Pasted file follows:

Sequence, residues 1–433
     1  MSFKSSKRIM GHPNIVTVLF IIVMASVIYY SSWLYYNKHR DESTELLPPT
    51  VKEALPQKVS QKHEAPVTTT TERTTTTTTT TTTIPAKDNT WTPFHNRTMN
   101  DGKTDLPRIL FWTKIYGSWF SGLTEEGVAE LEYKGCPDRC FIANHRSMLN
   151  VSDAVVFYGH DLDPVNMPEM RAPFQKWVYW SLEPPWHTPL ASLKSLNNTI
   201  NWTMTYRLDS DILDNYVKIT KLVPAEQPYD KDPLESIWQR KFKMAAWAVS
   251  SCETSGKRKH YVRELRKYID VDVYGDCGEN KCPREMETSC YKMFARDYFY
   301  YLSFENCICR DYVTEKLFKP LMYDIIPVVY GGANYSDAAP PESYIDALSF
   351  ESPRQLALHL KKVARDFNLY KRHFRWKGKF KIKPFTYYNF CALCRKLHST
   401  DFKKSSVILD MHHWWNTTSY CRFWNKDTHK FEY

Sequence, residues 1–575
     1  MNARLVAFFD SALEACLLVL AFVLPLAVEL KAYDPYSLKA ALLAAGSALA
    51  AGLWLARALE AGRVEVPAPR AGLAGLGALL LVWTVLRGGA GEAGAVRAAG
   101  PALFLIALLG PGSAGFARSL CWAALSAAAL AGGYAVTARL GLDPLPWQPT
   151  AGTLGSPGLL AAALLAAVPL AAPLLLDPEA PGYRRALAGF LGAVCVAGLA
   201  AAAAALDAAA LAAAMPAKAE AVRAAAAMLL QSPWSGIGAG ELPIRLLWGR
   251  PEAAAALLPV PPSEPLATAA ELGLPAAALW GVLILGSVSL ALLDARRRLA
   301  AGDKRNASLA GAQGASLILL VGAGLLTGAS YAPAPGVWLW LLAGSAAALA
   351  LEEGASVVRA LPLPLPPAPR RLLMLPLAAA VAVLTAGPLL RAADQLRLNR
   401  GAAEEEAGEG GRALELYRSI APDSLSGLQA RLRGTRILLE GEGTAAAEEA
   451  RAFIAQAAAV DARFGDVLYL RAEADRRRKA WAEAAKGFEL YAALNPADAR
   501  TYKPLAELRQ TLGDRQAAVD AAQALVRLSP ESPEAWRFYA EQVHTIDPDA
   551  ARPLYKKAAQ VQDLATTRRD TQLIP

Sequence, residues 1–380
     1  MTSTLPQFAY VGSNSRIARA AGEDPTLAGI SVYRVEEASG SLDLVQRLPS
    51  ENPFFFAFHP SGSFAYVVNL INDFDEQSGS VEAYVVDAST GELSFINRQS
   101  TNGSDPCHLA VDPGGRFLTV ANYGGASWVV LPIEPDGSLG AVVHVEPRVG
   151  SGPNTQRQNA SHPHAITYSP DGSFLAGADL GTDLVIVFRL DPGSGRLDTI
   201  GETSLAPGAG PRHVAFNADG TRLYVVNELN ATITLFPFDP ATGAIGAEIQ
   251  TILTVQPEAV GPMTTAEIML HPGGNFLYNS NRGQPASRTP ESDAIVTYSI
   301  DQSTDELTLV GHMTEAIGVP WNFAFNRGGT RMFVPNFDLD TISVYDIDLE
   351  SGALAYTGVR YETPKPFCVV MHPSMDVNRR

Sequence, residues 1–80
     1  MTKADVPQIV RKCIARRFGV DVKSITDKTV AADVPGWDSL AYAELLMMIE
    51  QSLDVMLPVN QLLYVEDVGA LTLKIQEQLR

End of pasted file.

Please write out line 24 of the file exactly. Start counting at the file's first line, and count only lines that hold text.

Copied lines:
Sequence, residues 1–380